1. I was born and raised to think highly of democracy
2. As I’ve matured, I have come to think of democracy as one of the better ways of governing (really, running most institutions including family) SO, I don’t believe in the right to rule being passed along through blood relations.
3. I did not know anything about the historical figures presented in “The Princess Man,” SO I was not particularly partial to any faction.
4. I know enough about coups to know that they are very, very, very rarely bloodless transitions of power, so many of Suyang’s political and murderous machinations did not surprise me SO I wasn’t **horrified about how many people the new King decided to depose of – that is how you ceased power
in those days.
I’ve read a few essays and many of them noted the great plotting, character development, and the importance and nobility of sticking to your values even in the face of opposition.
There were many instances of heroic bravery in the series – examples of people standing up to certain death for their beliefs. And for most of the series, I admired the instances of such type of bravery.
However, by the final episode, I was ready for another type of bravery. People have reported breaking into smiles and cheering when (former Princess) Se Reuyang and Seung-yoo rode through the fields (which I did find touching).
But no, I cheered at the jail scenes and the palace scene/throne room when Queen Consort—, the mother of Se Reuyang, told both of her husband and her daughter to put their ideals in their pocket and to consider what they really wanted in life and the people they valued and how their ideals would ultimately destroy everything.
It is suppose to be the height of cowardice to run away, to give up. And indeed a great many things can be accomplished if someone is willing and able to push through the pain, not become mired in past fires and keep moving forward – usually something is gained for their efforts.
However, it is also brave to look forward without flinching and consider your future. It is wise to consider the consequences of achieving your goals and considering what will be gained and what will be lost from them.
There were a few scenes were it seemed that Se Ryuang and Seung-yoo could truly see the tragedy and the hopelessness of their chosen paths – however, both characters were willing to push aside the questions of “what comes after I get what I want?” and instead redoubled their efforts of getting what they want. They became stuck in their own choices.
For Seung-yoo, what he wanted most was vengeance for his father and the many others that lost their lives. And my goodness, that body count ensured by Suyang’s rise and maintenance of his rise to power, was nothing to sneeze at. But as I thought about it, I became less convinced of the ‘nobility’ or even ‘rightness’ of Seung-yoo’s quest. The opposition STAYED losing. Every time, you turned around there was one loss after another. AT some point in the series, I think it was after the death of the Prince Consort and King Danjang, that I began to hope Seung-yoo would cut his losses and run. But no, blood must beget blood – really that was his logic. There was no objection to what kind of ruler Suyang would be.And with his cunning, foresight and ability to mobilize his administration to carry out his plans – well, Suyang seemed like he had a solid foundation for a good leader. However, the opposition only objected to how he came to power – that’s it!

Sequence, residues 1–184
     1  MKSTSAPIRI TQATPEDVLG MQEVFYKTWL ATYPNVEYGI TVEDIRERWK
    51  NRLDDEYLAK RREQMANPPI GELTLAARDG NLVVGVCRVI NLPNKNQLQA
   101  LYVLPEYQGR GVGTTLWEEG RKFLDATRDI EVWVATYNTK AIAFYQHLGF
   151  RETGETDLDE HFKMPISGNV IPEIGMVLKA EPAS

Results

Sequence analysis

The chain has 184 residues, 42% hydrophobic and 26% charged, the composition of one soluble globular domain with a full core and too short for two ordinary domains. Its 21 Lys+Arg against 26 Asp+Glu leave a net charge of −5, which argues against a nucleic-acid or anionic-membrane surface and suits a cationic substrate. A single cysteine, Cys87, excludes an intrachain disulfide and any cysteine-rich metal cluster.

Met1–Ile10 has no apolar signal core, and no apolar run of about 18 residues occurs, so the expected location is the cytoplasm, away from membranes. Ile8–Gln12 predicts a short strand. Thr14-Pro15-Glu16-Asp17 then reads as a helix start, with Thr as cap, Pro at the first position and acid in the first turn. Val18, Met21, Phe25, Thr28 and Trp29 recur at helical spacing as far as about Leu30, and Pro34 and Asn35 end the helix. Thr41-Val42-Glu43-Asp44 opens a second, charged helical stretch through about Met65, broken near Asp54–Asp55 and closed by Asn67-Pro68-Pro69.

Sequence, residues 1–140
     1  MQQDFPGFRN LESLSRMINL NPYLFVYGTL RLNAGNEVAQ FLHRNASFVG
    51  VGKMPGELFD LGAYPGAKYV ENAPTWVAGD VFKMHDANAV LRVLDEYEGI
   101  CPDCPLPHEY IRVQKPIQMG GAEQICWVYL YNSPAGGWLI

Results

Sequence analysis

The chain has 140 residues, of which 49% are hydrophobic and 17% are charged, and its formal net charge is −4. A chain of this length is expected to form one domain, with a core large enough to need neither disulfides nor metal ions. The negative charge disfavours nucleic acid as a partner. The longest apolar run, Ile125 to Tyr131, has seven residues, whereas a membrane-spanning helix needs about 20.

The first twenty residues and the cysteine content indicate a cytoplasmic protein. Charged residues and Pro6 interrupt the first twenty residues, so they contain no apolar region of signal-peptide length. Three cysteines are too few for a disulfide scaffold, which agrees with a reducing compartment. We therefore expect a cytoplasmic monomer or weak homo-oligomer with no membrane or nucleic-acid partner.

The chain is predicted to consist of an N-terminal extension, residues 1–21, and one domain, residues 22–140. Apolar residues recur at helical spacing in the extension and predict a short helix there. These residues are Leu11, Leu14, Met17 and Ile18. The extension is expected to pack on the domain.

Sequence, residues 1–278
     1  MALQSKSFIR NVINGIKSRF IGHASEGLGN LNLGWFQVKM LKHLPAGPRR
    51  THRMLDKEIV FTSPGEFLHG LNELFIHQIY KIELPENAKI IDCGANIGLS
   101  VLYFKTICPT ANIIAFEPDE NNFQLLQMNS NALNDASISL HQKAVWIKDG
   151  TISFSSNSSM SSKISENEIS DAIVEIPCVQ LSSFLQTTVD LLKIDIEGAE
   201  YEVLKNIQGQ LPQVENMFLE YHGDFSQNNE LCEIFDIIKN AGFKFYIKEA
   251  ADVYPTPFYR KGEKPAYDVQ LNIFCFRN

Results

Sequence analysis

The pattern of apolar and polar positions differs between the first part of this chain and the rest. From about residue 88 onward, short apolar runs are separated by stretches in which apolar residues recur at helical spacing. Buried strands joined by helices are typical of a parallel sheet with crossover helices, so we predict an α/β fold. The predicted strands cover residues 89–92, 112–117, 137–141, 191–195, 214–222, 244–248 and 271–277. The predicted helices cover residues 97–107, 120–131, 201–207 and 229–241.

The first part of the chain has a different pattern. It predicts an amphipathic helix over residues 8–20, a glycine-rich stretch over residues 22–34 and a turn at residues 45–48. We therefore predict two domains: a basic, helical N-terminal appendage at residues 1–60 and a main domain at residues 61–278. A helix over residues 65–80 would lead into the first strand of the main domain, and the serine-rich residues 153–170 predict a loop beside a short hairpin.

For Se Ryung – her goal was to make her father see reason and stop killing so many people. More or less, she never whole sale signed off on having her father killed. But she strongly endorsed that he have a change of heart. But one point, her father told her point blank that the man who had murdered countless people was the same man who had been a nurturing and kind father to her. It was at that point that I knew that Se-reyung’s battle was a lost cause. You cannot “save” someone who does not want to be saved, or even thinks that they need to be saved. Ultimately, I think Se-Reyung gave up her battle and cut her losses, but she would not tell her spouse to give up or “compromise his values,” which really were only about vengeance upon one person.
Suyang too at some times seemed blinded by his own ambition – to attain and maintain power. Watching his continual “purges” for the sake of getting rid of traitors/conspirators helped me see how easy it is for rulers to become paranoid and resort to chronic mass killings of their enemies.
Everyone had picked a path and were determined to stay the course.
Enter my sheroe. I cannot find her name right now, so she will be labeled honorably as Se-ryung’s mother (SM). SM reminded her husband and her daughter of the consequences of their actions and to consider what they would really gain and lose if they continued on this path.
**My hands shot up and I shouted out “Yes!” Finally, someone who is talking some pragmatic sense.
It was her her words that allowed the major characters to experience varying measures of peace and happiness. Without, her there would have been no real “happy ending” for Princess’s Man. And for giving a well deserved, yet still believable happy ending to a series I really liked, I salute Se-ryung’s Mom.
***IMAGINE HER PICTURE HERE-It’s a shame her picture from the series isn’t that easy to find ;(
**But I still found it abhorrent. One death in particular that made me tear up was King Dahjong. I knew it was coming – its rarely enough to dethrone a King — but still, how the the teenager looked to the sky and called for his older sister and father…ack. I was praying for a last minute rescue mission.